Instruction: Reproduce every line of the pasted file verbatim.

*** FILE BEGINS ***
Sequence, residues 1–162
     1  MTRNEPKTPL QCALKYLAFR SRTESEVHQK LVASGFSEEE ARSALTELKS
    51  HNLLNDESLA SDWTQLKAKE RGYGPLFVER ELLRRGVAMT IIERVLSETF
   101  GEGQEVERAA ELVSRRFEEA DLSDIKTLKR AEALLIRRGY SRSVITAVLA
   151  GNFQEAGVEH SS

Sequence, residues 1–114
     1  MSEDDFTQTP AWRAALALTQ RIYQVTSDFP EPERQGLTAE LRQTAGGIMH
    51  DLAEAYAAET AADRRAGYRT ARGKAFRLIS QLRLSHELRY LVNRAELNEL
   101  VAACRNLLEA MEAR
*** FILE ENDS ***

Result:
Sequence, residues 1–162
     1  MTRNEPKTPL QCALKYLAFR SRTESEVHQK LVASGFSEEE ARSALTELKS
    51  HNLLNDESLA SDWTQLKAKE RGYGPLFVER ELLRRGVAMT IIERVLSETF
   101  GEGQEVERAA ELVSRRFEEA DLSDIKTLKR AEALLIRRGY SRSVITAVLA
   151  GNFQEAGVEH SS

Sequence, residues 1–114
     1  MSEDDFTQTP AWRAALALTQ RIYQVTSDFP EPERQGLTAE LRQTAGGIMH
    51  DLAEAYAAET AADRRAGYRT ARGKAFRLIS QLRLSHELRY LVNRAELNEL
   101  VAACRNLLEA MEAR